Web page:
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How to travel light, but still eat well on a backcountry adventure

Nick Trehearne

Backpack Cuisine

You don’t need to sacrifice nutrition or taste when eating out of a bag. Here’s how

Make the meals

There are two types of do-it-yourself dehydrated meals that work well in the field: either dry individual ingredients to use in sauces, soups or stews out in the field, or dehydrated complete meals. The downside to the first option is that you’ll need one or more pots and a stove or fire to rehydrate and cook the ingredients.

Dehydrating complete meals, on the other hand, is simple. Just prepare and cook your favourite casserole-type meal, remembering to calculate the total number of calories. Once it has cooled, cut the meal into cubes approximately one inch per side and place in a dehydrator. Depending on the make and model of your dehydrator, and the amount of food being processed, the drying process will take between six and 18 hours.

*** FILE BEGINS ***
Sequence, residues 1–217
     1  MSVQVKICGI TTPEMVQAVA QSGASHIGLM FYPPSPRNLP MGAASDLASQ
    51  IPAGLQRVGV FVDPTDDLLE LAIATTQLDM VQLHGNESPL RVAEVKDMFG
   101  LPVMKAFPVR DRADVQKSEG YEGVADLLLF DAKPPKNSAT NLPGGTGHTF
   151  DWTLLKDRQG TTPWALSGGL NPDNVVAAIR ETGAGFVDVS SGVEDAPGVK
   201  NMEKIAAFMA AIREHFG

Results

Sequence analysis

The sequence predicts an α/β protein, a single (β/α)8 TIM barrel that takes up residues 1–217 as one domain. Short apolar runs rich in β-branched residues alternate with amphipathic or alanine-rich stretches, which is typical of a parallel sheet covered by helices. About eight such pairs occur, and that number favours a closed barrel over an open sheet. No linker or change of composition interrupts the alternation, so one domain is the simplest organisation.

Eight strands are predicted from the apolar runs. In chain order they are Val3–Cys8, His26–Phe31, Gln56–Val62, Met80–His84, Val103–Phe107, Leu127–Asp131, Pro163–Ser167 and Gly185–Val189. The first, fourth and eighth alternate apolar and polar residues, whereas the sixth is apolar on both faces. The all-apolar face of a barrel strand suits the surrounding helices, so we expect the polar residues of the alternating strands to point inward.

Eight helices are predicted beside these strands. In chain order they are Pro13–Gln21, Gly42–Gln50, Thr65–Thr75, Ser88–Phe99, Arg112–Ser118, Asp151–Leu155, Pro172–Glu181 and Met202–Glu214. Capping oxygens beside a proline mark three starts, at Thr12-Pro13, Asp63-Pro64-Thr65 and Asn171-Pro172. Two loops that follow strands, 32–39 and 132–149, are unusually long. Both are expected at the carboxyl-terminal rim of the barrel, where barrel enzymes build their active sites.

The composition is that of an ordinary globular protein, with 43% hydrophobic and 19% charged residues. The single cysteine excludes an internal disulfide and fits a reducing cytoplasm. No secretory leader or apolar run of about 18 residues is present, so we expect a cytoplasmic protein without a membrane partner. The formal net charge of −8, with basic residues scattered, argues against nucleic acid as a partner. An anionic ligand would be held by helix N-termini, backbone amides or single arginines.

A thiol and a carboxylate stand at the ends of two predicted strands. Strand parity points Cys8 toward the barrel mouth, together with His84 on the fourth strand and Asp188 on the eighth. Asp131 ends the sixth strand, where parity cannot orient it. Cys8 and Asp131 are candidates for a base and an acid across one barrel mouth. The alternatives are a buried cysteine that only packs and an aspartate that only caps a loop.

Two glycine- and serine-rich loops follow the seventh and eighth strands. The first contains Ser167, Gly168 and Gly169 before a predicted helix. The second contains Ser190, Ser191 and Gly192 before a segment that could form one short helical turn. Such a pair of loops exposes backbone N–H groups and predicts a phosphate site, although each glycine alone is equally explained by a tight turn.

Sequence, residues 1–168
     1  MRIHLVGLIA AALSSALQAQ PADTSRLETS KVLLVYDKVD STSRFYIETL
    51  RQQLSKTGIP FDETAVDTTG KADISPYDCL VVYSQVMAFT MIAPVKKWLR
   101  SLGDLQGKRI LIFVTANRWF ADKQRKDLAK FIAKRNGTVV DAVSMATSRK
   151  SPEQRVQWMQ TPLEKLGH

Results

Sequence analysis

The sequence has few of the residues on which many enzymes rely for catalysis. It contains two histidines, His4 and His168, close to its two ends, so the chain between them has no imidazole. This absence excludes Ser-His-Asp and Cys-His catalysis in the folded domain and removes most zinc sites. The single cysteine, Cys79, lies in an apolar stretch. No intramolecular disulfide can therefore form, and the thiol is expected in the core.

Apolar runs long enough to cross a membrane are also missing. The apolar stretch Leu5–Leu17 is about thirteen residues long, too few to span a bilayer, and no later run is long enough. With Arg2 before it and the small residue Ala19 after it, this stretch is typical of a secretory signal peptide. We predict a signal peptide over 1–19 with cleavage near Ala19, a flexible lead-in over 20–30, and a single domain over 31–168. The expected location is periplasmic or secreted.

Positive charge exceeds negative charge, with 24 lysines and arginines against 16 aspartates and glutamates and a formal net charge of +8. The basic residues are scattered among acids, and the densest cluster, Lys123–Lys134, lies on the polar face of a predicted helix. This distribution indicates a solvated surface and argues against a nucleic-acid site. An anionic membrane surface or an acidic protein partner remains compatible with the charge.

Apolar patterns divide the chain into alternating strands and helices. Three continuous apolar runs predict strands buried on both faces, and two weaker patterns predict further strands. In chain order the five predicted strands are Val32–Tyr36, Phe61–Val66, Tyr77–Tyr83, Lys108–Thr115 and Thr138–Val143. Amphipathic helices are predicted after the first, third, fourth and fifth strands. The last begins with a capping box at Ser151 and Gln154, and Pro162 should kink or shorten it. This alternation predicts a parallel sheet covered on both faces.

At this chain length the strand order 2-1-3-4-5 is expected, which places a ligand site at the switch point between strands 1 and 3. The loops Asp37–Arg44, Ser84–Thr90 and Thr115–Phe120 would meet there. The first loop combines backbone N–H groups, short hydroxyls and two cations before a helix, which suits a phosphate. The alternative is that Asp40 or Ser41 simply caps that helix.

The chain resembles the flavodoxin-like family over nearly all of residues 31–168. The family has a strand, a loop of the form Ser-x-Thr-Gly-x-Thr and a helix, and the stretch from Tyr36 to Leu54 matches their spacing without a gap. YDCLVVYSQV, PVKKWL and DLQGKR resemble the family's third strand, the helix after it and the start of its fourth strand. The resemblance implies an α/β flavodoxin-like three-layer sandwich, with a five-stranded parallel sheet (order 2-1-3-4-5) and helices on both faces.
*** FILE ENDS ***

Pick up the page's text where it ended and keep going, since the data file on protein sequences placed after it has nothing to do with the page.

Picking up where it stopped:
Divvy up the dried cubes into separate meals according to how many calories you require per meal, storing each meal in a separate, medium-size sealable freezer bag. Be sure to label the bags with the meal type and number of calories. Dehydrated food can be stored in a freezer to extend its shelf life, but it’s a good practice to make the meals just before your trip.

Use extra caution when dehydrating meals with meat and fish to avoid the risk of food poisoning. If any water remains, bacterial growth is possible, although the risk is low. It’s worth noting that canned meat dehydrates better than fresh. Also keep in mind that although high-fat meals have lots of energy, they can be difficult to dehydrate, because as the water evaporates, liquid fat pools on the surface. Cheese can also be difficult to rehydrate, so use pre-dried cheese, such as Parmesan, for better results.

Lowell Strauss

Saskatchewan’s Lowell Strauss often writes about hunting dogs for Outdoor Canada. He's our top dog guy!

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